Friday, February 3, 2012

López Obrador: "I don't speak English, and I don't pretend to"

PRD nominee says he'll rely on translators, giving him "more time to think"

Democratic Revolution Party (PRD) candidate Andrés Manuel López Obrador laid in to the presidential heir apparent today, alleging that Enrique Peña Nieto, the Institutional Revolutionary Party (PRI) nominee, is 100% stage-managed. López Obrador didn't spare the Mexican media, either, whom he accused of conspiring to boost the front-runner.

"But people are starting to realize who this (Peña Nieto) really is, they've been completely deceived until now, what with the media's management of him and all, and they still protect him so carefully when he's on television," said PRD's nominee. Referring to questionable financial practices by PRI that surfaced last week, which the national press has shown little interest in pursuing, López Obrador said, "If it had been us, there would have been news bulletins every few minutes."

Then he attacked Peña Nieto's command of English, which is indeed poor (I saw him on television a few weeks ago attempting to read a few sentences in English; but for the Spanish subtitles, I wouldn't have been able to understand much of what he said). "I don't speak English either," commented López Obrador, "but I don't pretend to do so. His pronunciation is so bad, even though they give him everything to say in advance."

Mexico's last two presidents are fluent English speakers, particularly Felipe Calderón, who studied at Harvard. His predecessor, Vicente Fox, is also quite competent in the language.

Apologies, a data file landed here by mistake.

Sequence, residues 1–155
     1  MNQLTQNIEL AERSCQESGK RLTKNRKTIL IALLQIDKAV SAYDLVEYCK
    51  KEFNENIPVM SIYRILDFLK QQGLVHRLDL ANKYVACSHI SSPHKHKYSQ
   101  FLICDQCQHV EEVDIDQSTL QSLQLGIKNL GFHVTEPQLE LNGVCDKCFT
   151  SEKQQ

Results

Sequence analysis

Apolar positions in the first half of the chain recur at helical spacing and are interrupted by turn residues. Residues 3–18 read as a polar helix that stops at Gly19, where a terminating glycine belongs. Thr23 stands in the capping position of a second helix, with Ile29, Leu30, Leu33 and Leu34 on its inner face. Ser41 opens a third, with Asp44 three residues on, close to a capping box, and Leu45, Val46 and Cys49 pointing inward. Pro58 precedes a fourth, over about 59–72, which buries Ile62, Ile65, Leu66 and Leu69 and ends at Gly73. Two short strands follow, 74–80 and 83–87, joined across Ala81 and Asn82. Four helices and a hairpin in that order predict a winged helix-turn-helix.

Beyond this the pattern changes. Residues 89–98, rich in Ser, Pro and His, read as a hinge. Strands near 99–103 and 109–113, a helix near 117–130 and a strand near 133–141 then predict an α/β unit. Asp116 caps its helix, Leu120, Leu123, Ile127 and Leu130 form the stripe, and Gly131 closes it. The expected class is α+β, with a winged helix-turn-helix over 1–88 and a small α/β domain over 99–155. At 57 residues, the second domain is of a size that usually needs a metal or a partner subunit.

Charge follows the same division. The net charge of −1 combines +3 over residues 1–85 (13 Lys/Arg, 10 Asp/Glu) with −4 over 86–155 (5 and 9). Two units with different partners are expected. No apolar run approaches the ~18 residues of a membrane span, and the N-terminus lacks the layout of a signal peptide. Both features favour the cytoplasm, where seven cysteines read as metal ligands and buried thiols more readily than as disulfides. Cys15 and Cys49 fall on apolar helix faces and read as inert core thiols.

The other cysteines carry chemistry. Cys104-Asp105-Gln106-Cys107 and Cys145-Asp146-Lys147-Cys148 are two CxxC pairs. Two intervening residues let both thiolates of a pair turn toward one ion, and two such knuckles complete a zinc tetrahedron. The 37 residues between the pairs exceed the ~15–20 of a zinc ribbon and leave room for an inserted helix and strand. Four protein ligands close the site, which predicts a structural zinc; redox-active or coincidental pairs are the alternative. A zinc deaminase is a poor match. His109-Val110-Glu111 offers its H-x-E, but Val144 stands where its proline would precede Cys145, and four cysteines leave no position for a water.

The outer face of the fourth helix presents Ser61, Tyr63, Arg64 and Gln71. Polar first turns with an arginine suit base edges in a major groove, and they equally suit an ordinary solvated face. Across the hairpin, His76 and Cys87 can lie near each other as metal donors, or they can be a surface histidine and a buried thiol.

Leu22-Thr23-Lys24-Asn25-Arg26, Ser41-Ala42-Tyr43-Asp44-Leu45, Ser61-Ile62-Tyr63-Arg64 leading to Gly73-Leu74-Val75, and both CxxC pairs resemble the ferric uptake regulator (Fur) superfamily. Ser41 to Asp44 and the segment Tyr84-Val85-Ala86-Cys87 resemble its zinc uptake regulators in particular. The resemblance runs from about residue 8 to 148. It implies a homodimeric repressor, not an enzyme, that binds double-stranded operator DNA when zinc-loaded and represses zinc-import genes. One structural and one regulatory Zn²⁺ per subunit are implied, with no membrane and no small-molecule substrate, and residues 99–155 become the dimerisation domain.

For López Obrador, however, foreign langauge skills are not crucial. He plans to rely upon translators, he says -- "as did all of Mexico's great presidents." The advantage, claims the PRD nominee, is that "there's more time to think" before answering.

Footnote: Apparently Enrique Peña Nieto is so confident of victory that he made a cameo appearance last week at the G-20 World Economic Forum in Davos, Switzerland, where he tried to rub shoulders with dozens of national leaders and financial experts. But it must have been a bit embarrassing for the PRI nominee when he had to listen to the key note address of his own president, Felipe Calderón, who is the new leader of the G-20 ( Calderón's speech, portions of which I watched, was in almost impeccable Engish. Peña Nieto heard it too -- in a translator's voice, through a headset.

Will Manuel López Obrador be the party spoiler?:
Ken doll politics:
"From an empty head, nothing comes":
"I'm not the lady of the house":
The "lightweight":
The "soap opera actor":

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